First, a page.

On 09/24/2002 11:15 AM, Joshua E Minnie wrote:
> I was reading an article at PHPBuilder.com (not very recent, 01/15/2001)
> about PEAR DB, and was wondering if anyone had any experience using PEAR
> rather than the functions dedicated specifically to each type of DB (i.e.
> mysql_, mssql_, pg_, msql_, etc.).  Also, if anyone has any reasons why to
> go with one or the other.
> The reason I ask, is because I recently downloaded QuerySim so I could
> simulate my db info while the db is still in development and not have to
> slow down the process.  QuerySim uses PEAR DB functions, and after the db
> development is finished it is an easy conversion.  Simply change the line
> that tells which db is being accessed.
> [code snippet]
> $db = DB::connect( "mssql://$dbuser:$dbpass@$dbhost/$dbname" ); // for MSSQL
> $db = DB::connect( "mysql://$dbuser:$dbpass@$dbhost/$dbname" ); // for MySQL
> //instead of
> $conn = DB::connect('querysim');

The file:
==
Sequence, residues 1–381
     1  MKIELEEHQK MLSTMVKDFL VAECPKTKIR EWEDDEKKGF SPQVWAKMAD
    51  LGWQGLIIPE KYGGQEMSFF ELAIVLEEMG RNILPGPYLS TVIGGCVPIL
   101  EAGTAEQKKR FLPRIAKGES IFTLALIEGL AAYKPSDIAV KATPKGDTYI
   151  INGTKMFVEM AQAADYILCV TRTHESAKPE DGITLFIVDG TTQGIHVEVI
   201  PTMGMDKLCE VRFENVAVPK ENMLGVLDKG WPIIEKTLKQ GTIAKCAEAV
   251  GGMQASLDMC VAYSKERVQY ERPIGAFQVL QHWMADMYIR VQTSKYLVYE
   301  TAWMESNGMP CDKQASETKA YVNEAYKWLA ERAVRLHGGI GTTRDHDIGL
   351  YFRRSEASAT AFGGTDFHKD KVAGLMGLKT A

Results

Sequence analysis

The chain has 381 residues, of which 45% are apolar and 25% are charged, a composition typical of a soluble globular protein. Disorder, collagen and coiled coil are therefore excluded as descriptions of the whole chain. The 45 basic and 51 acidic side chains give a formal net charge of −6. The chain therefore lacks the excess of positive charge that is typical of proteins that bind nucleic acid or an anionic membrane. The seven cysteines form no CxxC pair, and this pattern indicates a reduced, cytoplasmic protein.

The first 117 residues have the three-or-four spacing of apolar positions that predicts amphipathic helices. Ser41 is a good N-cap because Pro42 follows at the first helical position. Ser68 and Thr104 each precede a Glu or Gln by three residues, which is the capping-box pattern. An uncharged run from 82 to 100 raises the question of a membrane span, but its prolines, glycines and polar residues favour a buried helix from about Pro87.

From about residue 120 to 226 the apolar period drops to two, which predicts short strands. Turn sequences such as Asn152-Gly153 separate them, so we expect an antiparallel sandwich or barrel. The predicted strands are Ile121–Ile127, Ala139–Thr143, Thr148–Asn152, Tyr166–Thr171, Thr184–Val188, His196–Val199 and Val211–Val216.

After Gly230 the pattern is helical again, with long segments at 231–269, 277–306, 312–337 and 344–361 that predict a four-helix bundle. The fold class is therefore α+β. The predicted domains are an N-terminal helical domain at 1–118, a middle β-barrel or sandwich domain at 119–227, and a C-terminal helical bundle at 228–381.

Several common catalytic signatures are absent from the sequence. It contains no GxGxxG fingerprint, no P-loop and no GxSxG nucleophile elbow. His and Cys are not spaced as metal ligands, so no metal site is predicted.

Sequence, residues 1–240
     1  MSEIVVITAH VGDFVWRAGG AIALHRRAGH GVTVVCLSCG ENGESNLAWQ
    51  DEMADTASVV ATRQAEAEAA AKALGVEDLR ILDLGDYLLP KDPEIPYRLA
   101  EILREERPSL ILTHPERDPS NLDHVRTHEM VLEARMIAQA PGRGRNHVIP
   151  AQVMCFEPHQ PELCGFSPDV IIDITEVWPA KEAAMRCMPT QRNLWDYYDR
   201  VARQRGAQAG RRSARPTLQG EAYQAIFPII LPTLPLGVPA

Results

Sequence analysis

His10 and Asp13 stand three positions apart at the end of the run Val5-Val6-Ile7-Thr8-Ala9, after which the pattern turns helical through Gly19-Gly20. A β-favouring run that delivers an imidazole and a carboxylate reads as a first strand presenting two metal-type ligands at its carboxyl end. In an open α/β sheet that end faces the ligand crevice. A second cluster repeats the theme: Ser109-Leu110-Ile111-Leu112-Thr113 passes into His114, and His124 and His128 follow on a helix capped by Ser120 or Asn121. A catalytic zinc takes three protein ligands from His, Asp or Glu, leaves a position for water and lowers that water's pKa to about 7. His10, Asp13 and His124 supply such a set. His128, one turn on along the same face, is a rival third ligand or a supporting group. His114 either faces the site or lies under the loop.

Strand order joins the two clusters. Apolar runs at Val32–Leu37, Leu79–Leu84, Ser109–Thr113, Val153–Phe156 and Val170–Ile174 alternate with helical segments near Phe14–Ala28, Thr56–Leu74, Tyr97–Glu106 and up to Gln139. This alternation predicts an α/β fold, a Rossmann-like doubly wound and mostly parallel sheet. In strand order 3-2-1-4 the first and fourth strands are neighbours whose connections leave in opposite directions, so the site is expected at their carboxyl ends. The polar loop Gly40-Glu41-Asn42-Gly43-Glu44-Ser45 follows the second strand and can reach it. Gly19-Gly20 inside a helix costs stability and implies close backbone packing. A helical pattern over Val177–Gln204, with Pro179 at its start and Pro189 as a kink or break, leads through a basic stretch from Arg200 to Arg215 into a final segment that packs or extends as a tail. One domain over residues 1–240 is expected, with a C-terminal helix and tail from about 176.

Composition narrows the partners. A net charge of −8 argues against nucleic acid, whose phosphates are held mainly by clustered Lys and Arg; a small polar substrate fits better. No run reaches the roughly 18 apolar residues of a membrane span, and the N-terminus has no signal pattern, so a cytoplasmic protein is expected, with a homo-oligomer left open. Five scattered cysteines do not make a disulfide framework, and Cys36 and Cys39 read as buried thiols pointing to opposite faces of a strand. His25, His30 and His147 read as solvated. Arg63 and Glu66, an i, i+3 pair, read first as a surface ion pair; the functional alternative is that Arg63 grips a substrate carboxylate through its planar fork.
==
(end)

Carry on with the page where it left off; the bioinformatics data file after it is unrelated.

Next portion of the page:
> [/code snippet]
> And my querys would still remain relatively the same.  I hope you can shed
> some light on this because I am not really sure which one to use.

No PEAR-DB does not guarantee true database portability. Among other 
things, think about for instance date and time fields that are formatted 
differently between databases. PEAR-DB does not assure that you only 
deal with a single format, so you would always have to handle eventual 
differences in format representation in your application which is what 
you want to avoid.

If you are looking for true database portability, you may want to look 
at Metabase which is a much more mature database abstraction package 
that not only deals with data type representation format differences to 
make your database applications really portable, but it also manages 
your database schemas so you don't have to write database specific SQL 
scripts to create tables and other database objects.

All you need to do is to specify a schema in a database independent 
format based on XML and Metabase creates any tables, fields, indexes, 
sequences for you.

Metabase is Open Source and you may find it here:



Manuel Lemos

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